posted by winna at 5:20 PM on November 18, 2015 [3 favorites]


Am I the only one with cuddly furballs who act kindly 100% of the time?

I have a hard time believing that any sentient creature could act kindly 100% of the time. I put stock in trying, and god knows I fail. And these creatures, with the rational abilities of a young toddler and their finely honed predatory skills, dependent on us for their food? People would speak far worse of children if there wasn't a taboo...

I love the hell out of my cats, and they're very sweet and well behaved on average. They enjoy my companionship, they use the litter box, they rarely wake me up at night. Right now we're all in a continuous pile of fur and wool, chilling in bed.

But they can be needy bastards who are demanding and petty with me. They can be cruel to each other, steal the food out from other each others' noses. And there are the miscommunications, where I see an invitation to rub belly, and the cat sees an unwelcome threat in my response.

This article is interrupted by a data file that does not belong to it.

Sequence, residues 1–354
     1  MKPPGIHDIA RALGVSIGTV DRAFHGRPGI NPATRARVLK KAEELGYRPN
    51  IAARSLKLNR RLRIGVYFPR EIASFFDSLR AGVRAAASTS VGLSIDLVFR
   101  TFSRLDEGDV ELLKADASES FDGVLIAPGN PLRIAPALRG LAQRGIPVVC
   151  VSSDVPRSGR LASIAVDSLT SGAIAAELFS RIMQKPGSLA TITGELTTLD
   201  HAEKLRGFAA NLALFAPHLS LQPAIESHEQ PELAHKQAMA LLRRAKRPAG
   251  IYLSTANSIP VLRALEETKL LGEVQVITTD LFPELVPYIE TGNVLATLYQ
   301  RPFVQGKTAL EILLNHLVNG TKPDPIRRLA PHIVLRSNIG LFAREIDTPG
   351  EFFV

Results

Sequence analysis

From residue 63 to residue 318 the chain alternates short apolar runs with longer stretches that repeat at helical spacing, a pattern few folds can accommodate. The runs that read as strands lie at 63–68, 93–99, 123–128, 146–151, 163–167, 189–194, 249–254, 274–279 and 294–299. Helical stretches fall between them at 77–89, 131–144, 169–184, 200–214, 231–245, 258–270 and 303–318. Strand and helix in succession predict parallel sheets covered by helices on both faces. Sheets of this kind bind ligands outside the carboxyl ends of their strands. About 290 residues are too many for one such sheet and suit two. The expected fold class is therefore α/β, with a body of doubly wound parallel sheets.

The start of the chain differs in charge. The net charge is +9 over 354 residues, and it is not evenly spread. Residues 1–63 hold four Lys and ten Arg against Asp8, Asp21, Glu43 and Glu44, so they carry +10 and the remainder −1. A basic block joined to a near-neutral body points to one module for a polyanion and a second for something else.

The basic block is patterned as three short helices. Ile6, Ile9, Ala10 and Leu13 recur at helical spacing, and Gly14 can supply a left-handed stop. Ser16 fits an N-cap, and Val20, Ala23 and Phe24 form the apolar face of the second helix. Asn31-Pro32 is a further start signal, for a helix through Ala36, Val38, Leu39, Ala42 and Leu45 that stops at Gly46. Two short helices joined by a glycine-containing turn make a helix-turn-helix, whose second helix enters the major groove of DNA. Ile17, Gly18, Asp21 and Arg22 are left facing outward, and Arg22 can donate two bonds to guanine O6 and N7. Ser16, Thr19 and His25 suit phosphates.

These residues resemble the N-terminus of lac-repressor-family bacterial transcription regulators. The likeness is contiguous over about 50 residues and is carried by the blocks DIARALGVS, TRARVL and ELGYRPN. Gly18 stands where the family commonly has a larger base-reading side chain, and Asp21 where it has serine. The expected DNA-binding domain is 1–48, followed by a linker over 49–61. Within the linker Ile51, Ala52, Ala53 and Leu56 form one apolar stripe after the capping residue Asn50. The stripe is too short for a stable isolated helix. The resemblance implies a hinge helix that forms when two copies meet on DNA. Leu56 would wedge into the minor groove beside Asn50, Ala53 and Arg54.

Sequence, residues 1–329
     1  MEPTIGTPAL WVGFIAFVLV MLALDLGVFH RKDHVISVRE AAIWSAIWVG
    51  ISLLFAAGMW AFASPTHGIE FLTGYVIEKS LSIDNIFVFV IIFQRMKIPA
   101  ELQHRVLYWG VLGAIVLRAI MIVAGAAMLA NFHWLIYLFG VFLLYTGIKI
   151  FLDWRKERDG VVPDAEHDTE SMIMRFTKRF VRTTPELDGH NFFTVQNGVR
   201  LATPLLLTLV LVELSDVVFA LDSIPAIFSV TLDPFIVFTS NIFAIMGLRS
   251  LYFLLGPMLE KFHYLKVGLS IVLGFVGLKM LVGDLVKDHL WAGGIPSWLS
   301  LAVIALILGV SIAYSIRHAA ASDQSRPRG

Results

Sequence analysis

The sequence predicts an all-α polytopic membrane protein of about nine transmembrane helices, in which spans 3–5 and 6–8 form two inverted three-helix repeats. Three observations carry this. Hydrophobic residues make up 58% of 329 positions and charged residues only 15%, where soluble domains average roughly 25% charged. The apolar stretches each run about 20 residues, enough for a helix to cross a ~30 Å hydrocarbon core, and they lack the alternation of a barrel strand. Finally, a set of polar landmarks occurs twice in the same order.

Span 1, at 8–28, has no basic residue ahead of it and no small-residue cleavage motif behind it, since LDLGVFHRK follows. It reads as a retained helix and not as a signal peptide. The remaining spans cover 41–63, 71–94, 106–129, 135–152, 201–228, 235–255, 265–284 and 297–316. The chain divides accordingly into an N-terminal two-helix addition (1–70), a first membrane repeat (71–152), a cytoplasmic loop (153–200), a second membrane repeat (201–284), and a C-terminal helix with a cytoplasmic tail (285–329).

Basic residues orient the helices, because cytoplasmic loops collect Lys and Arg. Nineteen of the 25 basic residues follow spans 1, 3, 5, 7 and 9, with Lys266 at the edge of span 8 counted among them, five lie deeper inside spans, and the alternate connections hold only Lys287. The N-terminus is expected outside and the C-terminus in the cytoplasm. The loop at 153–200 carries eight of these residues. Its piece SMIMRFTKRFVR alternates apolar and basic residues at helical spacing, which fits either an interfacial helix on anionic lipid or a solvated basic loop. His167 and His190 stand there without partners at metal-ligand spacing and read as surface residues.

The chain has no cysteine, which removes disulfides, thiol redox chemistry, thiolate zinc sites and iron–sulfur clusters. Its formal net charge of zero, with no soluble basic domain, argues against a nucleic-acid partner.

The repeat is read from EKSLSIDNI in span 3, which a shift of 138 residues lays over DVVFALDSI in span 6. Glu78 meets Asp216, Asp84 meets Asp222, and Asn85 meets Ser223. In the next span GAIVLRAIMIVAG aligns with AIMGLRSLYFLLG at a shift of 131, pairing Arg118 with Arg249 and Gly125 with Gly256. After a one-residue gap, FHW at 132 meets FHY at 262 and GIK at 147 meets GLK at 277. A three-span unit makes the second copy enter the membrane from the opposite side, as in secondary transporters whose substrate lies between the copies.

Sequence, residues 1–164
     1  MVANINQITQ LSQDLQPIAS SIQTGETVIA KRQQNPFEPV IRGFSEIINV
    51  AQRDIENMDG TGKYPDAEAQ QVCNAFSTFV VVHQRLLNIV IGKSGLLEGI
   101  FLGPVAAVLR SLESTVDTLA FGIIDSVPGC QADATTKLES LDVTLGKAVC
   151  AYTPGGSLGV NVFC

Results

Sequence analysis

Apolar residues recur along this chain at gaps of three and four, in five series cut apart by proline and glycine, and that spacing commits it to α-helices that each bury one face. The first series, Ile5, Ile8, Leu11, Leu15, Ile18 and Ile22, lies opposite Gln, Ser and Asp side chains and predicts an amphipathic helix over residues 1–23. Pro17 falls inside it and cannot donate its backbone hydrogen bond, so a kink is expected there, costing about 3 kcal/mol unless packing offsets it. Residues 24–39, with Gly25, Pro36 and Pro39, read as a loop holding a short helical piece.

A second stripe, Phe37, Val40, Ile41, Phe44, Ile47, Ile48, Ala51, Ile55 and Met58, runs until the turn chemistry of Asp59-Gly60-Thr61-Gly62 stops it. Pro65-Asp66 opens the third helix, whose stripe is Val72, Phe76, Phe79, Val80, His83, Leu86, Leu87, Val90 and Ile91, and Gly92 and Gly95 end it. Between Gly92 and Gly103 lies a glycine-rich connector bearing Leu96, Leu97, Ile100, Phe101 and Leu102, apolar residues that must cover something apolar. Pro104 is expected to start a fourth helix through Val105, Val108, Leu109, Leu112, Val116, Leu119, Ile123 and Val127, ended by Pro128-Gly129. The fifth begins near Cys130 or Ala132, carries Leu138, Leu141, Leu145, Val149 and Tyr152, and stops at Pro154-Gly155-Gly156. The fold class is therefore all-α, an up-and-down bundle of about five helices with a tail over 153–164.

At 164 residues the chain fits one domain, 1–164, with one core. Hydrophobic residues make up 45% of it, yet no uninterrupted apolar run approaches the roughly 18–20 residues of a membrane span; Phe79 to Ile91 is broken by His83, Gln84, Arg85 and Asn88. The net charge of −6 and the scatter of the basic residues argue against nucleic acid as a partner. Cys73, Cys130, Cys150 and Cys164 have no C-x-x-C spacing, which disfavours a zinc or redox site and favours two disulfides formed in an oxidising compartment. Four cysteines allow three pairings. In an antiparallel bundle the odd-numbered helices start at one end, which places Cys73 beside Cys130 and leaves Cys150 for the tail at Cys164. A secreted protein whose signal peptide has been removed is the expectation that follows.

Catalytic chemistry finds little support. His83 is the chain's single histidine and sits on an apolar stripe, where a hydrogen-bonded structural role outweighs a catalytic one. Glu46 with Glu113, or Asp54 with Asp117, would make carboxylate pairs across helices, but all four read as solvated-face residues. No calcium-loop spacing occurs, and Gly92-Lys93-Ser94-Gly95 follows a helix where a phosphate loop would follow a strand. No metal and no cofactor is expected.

posted by wotsac at 5:43 PM on November 18, 2015 [2 favorites]


The first thing that came to my mind was kitty urns, more or less. Maybe that has to do with the marketing associating the devices to elderly persons. But I have to say it would be lovely to hold Chloe again, even in this symbolic, if interactive, form.

Hm, video's not playing. Wonder if they're going viral.

Now I'm reflecting on how bitterly we neglect dancin' 18-inch R2-D2.
posted by mwhybark at 5:46 PM on November 18, 2015


I don't begrudge anyone having one of these if they help. It just hits a weird place in my brain, some overlap of Uncanny Valley and despair over the fact that we have just given up on any hope of providing the oldest and neediest with companionship or human connection or even finding a way to have actual animals around them. Nope. Just gonna keep on warehousing them, but now we can pay for robot companions to make things slightly less dire.